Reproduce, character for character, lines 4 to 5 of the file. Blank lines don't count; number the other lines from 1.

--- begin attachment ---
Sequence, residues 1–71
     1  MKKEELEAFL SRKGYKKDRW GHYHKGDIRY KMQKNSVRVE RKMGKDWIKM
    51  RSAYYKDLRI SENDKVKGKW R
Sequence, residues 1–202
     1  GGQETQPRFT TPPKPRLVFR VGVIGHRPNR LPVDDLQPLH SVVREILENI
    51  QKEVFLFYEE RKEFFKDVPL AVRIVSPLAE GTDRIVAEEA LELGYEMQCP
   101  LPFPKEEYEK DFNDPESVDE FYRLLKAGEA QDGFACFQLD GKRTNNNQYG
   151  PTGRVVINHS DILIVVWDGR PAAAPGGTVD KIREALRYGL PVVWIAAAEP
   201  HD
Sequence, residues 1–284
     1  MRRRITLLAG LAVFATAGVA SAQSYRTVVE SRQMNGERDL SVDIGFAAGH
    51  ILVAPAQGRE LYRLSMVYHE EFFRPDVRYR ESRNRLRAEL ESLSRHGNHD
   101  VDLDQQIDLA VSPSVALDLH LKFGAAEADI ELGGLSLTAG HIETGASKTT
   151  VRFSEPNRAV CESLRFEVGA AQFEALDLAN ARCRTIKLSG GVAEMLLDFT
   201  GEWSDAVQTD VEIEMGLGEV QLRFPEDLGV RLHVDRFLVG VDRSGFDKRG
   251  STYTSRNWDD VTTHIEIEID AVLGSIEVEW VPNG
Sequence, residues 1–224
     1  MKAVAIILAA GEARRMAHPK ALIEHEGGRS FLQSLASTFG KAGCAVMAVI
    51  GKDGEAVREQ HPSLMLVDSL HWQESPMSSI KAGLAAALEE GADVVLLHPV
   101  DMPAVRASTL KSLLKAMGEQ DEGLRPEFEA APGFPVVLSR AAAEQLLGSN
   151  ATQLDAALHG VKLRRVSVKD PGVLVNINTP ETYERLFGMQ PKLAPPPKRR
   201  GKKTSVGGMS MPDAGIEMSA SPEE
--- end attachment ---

Sequence, residues 1–202
     1  GGQETQPRFT TPPKPRLVFR VGVIGHRPNR LPVDDLQPLH SVVREILENI